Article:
The function RAND() generate a random number between 0 and 1, including both (the interval [0;1], if you prefer this notation). The function does not require any variables, and a each update of the sheet, the randomization will generate a new number. If you need a random number from a different interval, you use a workaround as shown below.
For MicrosoftExcel it looks like this:
For OpenOfficeCalc it looks like this:
Randomization in other intervals
The function RAND() itself cannot generate random values for other intervals than [0;1], but using a small workaround, you can easily generate random values for any interval you may need. What you do in practice is multiplying the generated random number with the size of the interval and add the lowest value in the interval. If we write the minimum and maximum values in cells C2 and C3, you can calculate the random number for the interval in cell C4.
For Microsoft Excel it looks like this:
For OpenOffice Calc it looks like this:
The function generates a decimal number, as show on the images. If you need an integer, and often this is what you will need, you need to round the number, e.g. using ROUND(), so the full code for the example shown above will be =ROUND(RAND()*(C3-C2)+C2). Spreadsheets have several functions for rounding numbers, so ROUND() may not always be the optimal solution for something like this. These will be shown on a different page about rounding numbers.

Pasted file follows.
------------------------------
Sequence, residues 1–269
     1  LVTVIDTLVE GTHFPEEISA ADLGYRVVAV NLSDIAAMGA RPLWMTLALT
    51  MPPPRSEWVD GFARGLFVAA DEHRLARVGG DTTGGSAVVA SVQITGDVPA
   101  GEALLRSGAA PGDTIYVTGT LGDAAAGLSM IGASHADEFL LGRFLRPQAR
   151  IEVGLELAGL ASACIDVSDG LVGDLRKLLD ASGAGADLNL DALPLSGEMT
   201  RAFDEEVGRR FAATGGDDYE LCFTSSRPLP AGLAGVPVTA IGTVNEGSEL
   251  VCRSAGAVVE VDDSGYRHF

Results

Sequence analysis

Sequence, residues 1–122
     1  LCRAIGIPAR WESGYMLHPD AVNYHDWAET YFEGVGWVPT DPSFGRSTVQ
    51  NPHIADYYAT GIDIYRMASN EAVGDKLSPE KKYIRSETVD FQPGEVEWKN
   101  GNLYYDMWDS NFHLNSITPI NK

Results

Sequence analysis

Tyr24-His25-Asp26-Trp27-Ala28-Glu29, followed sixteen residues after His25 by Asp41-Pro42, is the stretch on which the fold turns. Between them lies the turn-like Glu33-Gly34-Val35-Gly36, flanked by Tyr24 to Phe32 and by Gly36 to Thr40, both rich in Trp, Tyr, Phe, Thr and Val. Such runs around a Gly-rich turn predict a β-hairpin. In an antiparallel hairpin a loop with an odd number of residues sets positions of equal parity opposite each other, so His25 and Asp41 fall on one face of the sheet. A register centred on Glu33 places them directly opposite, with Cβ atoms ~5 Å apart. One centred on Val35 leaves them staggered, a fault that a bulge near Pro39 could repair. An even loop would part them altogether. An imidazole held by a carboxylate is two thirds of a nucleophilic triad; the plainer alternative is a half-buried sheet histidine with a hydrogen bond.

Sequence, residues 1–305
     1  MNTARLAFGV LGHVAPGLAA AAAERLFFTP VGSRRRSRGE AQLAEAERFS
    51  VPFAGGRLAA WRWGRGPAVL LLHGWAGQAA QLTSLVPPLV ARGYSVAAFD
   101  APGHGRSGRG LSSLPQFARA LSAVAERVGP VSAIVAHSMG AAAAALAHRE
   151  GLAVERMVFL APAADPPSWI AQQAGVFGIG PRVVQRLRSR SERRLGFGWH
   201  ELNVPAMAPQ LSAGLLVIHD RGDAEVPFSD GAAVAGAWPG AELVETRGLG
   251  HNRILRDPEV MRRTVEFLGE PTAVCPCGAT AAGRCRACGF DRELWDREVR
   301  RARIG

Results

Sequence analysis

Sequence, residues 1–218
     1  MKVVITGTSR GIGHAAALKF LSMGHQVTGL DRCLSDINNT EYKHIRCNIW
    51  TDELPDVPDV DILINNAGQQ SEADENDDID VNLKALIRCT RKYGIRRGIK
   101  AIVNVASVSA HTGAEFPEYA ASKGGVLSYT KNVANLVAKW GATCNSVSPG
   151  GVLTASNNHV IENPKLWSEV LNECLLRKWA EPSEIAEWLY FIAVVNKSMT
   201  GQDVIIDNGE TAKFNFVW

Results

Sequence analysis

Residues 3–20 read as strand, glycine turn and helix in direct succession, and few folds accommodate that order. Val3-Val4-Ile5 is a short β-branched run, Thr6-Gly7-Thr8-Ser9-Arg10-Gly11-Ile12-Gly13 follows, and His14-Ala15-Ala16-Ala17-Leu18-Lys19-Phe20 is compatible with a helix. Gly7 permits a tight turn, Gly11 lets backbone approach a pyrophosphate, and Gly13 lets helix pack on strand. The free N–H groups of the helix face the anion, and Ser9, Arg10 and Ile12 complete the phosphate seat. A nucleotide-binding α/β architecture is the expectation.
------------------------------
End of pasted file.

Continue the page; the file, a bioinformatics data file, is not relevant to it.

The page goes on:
Randomized selection of cells
One of the randomization functions that would make sense to have, would be the random selection of a cell from a selection of cells. Currently no such function exist. If you need a random selection like that, you need to use an IF() function, where you start by random selection of an integer, as shown above, followed by an IF() function connecting the value with a cell, e.g. if the random value is 1, you choose one cell and if the random number is 2, another cell is chosen, and so forth. The IF() function will be covered on a separate page.
Excel function names in various languages
For some reason Microsoft has decided to have localized function names, so for non-English versions of Excel, you need to use the translated function names. This is as far as I have gotten, finding the localized function names for this chapter: